The mulch and cover crops mentioned previously, as well as grass waterways around our fields, help reduce erosion and prevent runoff. When we provide nutrients to our fruits and veggies, we want them to stay in our fields and not pollute our stream, so when and how we put them on and how we manage our soil are all focused on minimizing nutrient loss as well as maximizing plant health. Our wetland helps filter any runoff that does occur from our fields before the water flows into the stream on our farm, and it also helps absorb water during floods.

Looking back at the field and barn from the prairie

Looking back at the field and barn from the prairie

Two years ago, we dug a pond at the edge of our wetland. We’re happy to see both local and migrating waterfowl discovering this inviting new habitat this spring. We enjoy the wildlife that the farm supports – from the spotted fawns to the coyotes that help keep rodents and rabbits at bay. Each spring, we take the time on a few evenings to enjoy the sky dance performed by our wood cocks (see the chapter by the same name in Aldo Leopold’s A Sand County Almanac for an excellent description).

The scrape (pond) next to the wetland

The scrape (pond) next to the wetland

We also constantly look for opportunities to support pollinators. We received a grant to plant a pollinator plot near one of our produce fields, and our prairies provide food and habitat for native pollinators throughout the season. We also host three bee hives near our main produce field. It’s a win-win: the bees pollinate our crops and in exchange we enjoy their delicious honey, which looks and tastes different as bees feed on different flowers throughout the season.

Prairie flowers like these shooting stars attract native pollinators

Prairie flowers like these shooting stars attract native pollinators

Our environmental stewardship efforts extend beyond the way we manage our land. In 2014, we installed a 24-panel, 6 kW solar photovoltaic system on our barn as part of a group buy orchestrated by FairShare. Just as our produce sources its energy from the sun, we are pleased to do the same for a large portion of the electricity that we use in the barn and in our home.  We have also upgraded our home lighting and appliances to be more efficient, insulated our farm house, and heat and cool the house with a geothermal system that we installed last year.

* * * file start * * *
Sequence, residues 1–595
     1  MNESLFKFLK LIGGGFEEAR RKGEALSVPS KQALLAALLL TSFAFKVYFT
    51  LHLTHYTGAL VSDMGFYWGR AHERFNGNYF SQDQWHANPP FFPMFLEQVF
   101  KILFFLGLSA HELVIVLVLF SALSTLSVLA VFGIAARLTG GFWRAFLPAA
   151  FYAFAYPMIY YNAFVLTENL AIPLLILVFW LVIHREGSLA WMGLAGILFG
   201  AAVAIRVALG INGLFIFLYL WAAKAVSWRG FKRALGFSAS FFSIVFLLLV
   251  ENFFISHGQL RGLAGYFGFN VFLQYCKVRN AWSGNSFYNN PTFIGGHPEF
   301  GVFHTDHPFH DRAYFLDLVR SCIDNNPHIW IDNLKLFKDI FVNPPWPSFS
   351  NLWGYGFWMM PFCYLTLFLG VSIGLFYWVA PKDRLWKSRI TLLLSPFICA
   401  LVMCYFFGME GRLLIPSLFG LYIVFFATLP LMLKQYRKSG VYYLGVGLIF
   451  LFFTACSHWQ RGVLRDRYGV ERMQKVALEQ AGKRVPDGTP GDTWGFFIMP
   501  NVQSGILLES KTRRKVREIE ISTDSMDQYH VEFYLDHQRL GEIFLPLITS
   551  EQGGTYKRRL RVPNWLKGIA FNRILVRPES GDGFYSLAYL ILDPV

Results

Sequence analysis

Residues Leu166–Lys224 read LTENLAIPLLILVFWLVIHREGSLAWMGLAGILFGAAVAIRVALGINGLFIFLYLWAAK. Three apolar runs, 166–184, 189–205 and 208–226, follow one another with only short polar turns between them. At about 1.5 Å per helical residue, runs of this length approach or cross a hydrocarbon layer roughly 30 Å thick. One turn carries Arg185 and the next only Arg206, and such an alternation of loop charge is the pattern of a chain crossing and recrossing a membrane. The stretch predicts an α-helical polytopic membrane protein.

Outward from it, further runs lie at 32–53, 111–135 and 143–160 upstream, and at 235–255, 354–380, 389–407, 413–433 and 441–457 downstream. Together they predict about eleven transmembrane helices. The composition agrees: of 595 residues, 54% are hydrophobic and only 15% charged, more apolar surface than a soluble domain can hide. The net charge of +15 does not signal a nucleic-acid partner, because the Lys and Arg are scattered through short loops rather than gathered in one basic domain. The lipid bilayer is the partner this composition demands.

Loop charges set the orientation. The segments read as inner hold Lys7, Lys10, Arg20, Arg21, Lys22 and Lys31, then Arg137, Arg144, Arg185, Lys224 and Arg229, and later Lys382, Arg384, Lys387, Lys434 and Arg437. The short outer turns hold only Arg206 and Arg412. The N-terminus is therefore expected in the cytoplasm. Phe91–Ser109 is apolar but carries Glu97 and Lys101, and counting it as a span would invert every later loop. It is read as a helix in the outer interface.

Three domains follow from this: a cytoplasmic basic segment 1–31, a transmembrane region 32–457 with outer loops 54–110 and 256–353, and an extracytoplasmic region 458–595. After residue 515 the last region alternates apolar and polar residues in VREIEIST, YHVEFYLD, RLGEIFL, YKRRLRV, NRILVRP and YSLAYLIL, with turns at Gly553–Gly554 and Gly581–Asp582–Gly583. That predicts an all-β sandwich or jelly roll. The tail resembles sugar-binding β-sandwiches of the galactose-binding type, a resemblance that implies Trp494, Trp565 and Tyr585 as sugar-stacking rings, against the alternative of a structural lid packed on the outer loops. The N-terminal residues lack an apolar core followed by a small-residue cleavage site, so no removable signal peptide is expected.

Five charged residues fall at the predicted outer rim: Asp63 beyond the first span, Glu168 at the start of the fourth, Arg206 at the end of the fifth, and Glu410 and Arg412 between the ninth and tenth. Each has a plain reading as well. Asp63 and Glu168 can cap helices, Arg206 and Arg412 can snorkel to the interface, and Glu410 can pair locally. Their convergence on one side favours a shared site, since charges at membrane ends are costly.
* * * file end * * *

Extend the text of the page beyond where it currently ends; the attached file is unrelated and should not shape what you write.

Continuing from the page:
Our 6 kW solar system on the barn roof

Our 6 kW solar system on the barn roof

And like many farmers, we cure, can, freeze, and dry enough produce to sustain our veggie and berry eating through the winter. We minimize our meat consumption, but Scott’s fall hunting generally allows us to put away some venison for the winter, and we also enjoy the eggs from our flock of laying hens. Generally speaking, we take Michael Pollan’s advice to heart: “Eat food. Not too much. Mostly Plants.”

Enjoying the summer’s bounty all year long

Enjoying the summer’s bounty all year long

We both have backgrounds in science and environmental policy, and in addition to running our farm, we work part-time at environmental nonprofits. Chelsea’s work focuses on energy and climate change, exploring local solutions across Wisconsin for reversing global warming. Scott’s focus is on protecting Wisconsin’s water resources, working with fellow farmers and state and local governments to examine policies and practices that address our water pollution problems. We enjoy working towards these longer-term solutions as well as the more immediate and tangible reward that comes from caring for our farm and sharing healthy food with our community. Not just on Earth Day, but every day, we try to do what we can to make a positive impact on our environment, and to take care of this beautiful place for future generations.

A version of this post first appeared on the FairShare CSA Coalition website in April 2018.

Birth and Rebirth on the Farm

As an odd winter – of early warm and then (way below) freezing temps, a late abundance of snow and ice, cancellations and snow days, and now flooding – draws to a close, we’re excited to transition to a new chapter. With spring approaching and some exciting new developments in our lives, it seems appropriate to write about birth and rebirth on the farm.

Birth

The most exciting recent news on the farm is that our baby girl Maya was born on Valentine’s Day! She is just perfect, with a full head of hair, adorable expressions that my dad refers to as “a parade of faces,” and a fun personality already showing through. As our first child, she is teaching us what it is to be parents, and to love a little person so fully.

Proud parents welcoming Maya to the world

Proud parents welcoming Maya to the world

We are quite smitten with our little Valentine. We’re adjusting to sleeping in spurts, spending a lot of time feeding her (she was thankfully healthy but small at birth, so we’ve been putting a lot of effort into chunking her up), and trying to get things done while babywearing (I’ve upped my Moby tying game from a D to a B+; still room for improvement).